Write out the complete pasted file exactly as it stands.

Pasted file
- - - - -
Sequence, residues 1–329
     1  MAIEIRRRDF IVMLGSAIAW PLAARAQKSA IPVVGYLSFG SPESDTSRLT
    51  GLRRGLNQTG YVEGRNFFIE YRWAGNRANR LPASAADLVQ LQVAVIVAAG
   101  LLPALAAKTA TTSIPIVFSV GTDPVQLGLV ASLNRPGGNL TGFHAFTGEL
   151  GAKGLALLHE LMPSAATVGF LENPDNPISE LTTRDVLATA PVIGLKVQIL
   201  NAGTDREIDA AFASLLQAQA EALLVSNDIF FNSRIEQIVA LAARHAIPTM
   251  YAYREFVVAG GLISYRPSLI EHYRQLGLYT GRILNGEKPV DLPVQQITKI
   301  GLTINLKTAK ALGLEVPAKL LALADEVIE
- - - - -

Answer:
Sequence, residues 1–329
     1  MAIEIRRRDF IVMLGSAIAW PLAARAQKSA IPVVGYLSFG SPESDTSRLT
    51  GLRRGLNQTG YVEGRNFFIE YRWAGNRANR LPASAADLVQ LQVAVIVAAG
   101  LLPALAAKTA TTSIPIVFSV GTDPVQLGLV ASLNRPGGNL TGFHAFTGEL
   151  GAKGLALLHE LMPSAATVGF LENPDNPISE LTTRDVLATA PVIGLKVQIL
   201  NAGTDREIDA AFASLLQAQA EALLVSNDIF FNSRIEQIVA LAARHAIPTM
   251  YAYREFVVAG GLISYRPSLI EHYRQLGLYT GRILNGEKPV DLPVQQITKI
   301  GLTINLKTAK ALGLEVPAKL LALADEVIE